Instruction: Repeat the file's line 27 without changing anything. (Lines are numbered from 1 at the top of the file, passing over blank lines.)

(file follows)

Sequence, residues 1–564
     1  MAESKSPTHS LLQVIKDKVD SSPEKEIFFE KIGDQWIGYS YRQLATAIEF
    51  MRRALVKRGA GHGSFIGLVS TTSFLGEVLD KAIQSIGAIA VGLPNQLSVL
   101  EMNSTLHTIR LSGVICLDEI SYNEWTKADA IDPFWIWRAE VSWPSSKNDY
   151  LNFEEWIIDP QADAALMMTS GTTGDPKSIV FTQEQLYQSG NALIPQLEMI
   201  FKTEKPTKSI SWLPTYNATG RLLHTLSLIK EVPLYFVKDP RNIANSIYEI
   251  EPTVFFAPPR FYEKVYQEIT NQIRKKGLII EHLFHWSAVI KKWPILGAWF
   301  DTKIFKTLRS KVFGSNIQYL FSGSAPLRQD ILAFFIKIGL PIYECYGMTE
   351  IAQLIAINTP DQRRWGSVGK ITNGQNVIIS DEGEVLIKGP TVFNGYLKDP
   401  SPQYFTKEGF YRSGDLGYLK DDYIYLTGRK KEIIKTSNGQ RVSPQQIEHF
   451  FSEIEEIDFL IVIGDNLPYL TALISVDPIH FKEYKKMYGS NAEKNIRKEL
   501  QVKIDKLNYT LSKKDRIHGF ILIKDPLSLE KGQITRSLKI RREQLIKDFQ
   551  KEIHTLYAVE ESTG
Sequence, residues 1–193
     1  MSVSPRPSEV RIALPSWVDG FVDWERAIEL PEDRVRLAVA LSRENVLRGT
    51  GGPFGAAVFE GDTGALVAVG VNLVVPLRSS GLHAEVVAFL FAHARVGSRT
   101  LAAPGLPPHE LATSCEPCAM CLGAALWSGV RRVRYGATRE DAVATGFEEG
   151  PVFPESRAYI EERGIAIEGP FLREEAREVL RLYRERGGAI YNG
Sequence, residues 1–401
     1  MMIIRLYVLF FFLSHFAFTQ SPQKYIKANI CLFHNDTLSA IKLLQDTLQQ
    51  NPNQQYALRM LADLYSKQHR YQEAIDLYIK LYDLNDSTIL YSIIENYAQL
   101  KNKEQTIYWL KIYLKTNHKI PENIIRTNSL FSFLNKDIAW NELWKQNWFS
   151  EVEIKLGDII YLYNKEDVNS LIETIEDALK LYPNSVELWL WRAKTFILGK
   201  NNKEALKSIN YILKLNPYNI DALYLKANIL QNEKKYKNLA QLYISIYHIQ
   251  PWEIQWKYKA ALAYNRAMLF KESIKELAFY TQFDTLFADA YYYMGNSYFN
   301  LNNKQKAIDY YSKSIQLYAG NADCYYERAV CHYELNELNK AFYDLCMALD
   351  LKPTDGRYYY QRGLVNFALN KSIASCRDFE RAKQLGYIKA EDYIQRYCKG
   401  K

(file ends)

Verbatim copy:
   351  LKPTDGRYYY QRGLVNFALN KSIASCRDFE RAKQLGYIKA EDYIQRYCKG